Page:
I am not normally one to listen to music in the car, but around 6 pm I needed something upbeat just to ensure that drowsiness didn’t set it. The car I was using happened to have satellite radio, so I began to explore the range of channels. Most of them weren’t my cup of tea, but I did find a sequence of stations playing pop music by decade: ‘50s, ‘60s, ‘70s, ‘80s, ‘90s, and one called Pop2K for the years after that. The last four stations were the ones that I focused on, since I was listening to the radio still in those decades, and it was kind of fun to take a drive down Memory Lane.
I would switch from ‘70s to ‘80s to ‘90s to ‘00s music continually until I found an oldie that I enjoyed. Often there was nothing for several minutes that I recognized, so I sat and studied the differences between the decades—acoustic guitar gave way to electric guitar gave way to synthesizers, and then acoustic guitar came back around with the new millennium.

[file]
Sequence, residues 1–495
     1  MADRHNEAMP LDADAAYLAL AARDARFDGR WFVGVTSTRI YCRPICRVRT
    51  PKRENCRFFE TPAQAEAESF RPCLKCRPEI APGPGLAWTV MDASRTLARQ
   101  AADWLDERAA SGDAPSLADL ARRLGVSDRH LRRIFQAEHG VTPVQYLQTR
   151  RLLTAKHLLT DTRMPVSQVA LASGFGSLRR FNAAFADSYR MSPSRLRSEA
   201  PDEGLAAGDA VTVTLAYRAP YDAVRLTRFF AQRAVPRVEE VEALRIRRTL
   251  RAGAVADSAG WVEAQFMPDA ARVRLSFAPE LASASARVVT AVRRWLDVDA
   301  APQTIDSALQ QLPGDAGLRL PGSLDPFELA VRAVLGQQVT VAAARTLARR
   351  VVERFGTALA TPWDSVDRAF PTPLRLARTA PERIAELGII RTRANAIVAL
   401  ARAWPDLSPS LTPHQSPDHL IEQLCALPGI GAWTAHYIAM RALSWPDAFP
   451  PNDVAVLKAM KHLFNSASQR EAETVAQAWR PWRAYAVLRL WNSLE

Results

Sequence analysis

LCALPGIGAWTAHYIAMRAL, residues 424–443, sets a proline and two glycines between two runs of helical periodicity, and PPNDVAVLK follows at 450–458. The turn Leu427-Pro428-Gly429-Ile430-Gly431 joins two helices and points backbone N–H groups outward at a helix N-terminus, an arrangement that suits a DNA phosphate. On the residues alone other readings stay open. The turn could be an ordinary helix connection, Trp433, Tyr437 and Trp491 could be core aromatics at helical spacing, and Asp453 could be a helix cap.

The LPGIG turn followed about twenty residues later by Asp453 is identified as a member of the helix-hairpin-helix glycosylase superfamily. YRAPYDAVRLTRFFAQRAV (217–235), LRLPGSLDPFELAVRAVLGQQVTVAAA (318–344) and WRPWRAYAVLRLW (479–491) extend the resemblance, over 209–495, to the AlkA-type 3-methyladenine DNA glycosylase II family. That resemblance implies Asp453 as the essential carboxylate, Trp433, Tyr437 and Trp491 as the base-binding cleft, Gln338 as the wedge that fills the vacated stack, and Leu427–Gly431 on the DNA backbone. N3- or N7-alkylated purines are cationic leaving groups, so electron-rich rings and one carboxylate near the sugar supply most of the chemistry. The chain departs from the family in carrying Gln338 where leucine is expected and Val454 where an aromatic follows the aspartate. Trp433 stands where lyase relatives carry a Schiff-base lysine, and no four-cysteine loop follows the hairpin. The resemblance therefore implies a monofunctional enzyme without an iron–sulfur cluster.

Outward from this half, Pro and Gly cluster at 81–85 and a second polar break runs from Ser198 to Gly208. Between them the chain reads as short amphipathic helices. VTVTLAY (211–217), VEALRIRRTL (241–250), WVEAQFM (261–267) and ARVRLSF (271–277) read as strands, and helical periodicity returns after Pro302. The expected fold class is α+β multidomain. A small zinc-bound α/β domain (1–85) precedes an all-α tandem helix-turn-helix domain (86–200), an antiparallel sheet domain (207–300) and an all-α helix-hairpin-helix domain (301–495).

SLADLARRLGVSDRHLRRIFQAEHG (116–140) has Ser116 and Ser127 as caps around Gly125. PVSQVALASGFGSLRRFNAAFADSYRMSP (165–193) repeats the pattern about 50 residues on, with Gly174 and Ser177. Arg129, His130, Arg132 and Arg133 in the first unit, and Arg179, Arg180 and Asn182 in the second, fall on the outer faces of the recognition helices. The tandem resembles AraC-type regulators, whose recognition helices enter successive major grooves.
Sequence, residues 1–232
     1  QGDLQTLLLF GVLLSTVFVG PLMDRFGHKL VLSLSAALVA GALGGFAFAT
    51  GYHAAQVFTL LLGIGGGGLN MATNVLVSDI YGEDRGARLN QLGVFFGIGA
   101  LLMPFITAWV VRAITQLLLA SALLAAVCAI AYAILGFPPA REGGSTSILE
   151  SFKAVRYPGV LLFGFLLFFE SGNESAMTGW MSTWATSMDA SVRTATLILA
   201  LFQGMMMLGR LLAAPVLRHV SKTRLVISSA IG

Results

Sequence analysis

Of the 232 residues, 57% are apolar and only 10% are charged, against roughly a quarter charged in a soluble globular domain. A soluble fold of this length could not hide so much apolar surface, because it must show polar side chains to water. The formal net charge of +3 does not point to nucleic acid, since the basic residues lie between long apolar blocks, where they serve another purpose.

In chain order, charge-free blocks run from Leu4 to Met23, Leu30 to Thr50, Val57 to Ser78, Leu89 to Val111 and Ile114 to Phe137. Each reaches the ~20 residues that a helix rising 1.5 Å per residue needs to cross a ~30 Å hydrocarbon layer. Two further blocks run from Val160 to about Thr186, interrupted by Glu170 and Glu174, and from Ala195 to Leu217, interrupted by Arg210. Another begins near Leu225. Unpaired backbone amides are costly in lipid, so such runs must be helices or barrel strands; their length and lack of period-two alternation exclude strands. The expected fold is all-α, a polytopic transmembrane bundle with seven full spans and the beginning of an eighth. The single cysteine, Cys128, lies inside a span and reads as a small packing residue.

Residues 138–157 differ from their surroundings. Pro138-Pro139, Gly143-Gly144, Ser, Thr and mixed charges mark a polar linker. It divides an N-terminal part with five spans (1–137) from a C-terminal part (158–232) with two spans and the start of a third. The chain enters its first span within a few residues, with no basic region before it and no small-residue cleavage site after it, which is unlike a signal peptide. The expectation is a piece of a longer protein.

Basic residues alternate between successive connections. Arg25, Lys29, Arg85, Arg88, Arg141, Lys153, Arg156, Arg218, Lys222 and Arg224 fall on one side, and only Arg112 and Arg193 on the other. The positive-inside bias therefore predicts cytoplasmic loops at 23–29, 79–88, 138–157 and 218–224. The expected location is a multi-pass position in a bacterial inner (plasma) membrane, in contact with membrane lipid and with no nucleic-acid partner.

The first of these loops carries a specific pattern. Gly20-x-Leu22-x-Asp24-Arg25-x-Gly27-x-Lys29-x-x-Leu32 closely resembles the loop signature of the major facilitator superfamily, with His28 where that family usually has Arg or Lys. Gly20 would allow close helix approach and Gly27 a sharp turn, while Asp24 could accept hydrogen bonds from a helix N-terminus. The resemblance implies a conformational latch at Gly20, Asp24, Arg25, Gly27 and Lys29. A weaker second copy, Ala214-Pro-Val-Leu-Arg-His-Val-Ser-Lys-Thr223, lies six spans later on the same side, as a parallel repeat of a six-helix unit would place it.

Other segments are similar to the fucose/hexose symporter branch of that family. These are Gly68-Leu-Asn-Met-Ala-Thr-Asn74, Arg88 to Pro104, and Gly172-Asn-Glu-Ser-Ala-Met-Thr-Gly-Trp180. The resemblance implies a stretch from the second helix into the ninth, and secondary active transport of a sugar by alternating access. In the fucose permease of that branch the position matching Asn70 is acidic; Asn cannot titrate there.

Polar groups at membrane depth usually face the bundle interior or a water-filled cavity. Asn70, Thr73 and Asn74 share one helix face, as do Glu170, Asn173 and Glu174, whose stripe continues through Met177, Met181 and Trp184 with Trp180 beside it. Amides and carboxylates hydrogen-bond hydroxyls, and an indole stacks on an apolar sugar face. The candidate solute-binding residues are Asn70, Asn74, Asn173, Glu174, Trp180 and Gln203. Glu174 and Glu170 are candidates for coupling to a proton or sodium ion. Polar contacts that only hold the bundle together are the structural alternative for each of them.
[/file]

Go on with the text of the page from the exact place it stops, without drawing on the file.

Have you been taking your state-approved gullibility pills? Let’s take a test to see how effective your dosage is …
The High Priest of Country Music
This was the sobriquet of a performer who had fifty-five #1 singles in his career, of whom Wikipedia says that he:
… was an American country music singer. He also had success in the rock and roll, rock, R&B, and pop genres. … Although never a member of the Grand Ole Opry, he was inducted into the Country Music Hall of Fame and the Rockabilly Hall of Fame.
Peter Schickele once quipped that the lute is a beautiful instrument, but that you won’t hear it if there is another instrument in the room—even if the other instrument isn’t actually being played! One seldom hears lute music on classical music programs, probably for this very reason: the delicate sound of the lute is simply not “good radio,” in the same way that a chess match would not be “good TV.”